As you’ve gotten older, it’s been harder to deny: People can be awful. Institutions let you down. The world will break your heart.
There is such thing as evil. There is too much of it out there.
How do you raise kids in a world like that? How do you raise them when you have come to these inescapable conclusions? According to the beautiful poem by Maggie Smith, the answer is simple: You keep it from them. You don’t tell them about all the awful things or all the awful people.
I am trying to sell them the world. Any decent realtor,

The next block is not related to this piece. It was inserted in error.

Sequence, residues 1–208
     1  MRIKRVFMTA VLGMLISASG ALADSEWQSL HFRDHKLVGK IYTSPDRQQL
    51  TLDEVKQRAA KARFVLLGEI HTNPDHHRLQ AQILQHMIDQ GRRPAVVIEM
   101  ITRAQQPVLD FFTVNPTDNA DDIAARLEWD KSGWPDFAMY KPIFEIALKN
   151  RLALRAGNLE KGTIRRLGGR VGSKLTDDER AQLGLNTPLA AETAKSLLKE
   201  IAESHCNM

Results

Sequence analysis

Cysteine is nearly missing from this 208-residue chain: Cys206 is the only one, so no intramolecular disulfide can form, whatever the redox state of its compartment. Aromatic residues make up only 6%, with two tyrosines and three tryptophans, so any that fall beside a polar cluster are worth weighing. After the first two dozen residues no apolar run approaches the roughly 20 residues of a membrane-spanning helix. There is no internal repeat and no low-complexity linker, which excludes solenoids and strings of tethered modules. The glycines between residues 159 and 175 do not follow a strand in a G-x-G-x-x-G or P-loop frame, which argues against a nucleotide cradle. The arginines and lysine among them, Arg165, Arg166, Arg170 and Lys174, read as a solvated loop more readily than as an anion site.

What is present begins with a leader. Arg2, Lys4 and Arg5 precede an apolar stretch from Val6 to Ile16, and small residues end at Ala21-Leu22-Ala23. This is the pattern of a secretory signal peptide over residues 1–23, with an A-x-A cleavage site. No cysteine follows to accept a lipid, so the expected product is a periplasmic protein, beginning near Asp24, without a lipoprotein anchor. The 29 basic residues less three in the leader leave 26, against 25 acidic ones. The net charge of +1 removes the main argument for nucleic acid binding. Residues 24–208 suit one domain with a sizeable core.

walking you through a real shithole, chirps on
about good bones: This place could be beautiful,
right? You could make this place beautiful.
It’s not that we lie, it’s that we choose to focus on the potential. We don’t allow our cynicism to dampen their expectations. We don’t let our experiences color theirs—after all, we’re not going to be the one’s living in the house: They are.
Our job is to sell them on hope. To imbue them with a sense of agency and confidence and duty. A belief that they can make a difference. An obligation to be the change they want to see in the world.
You have to sell them on this. Sell them on the good bones. Sell them on what they can do with it.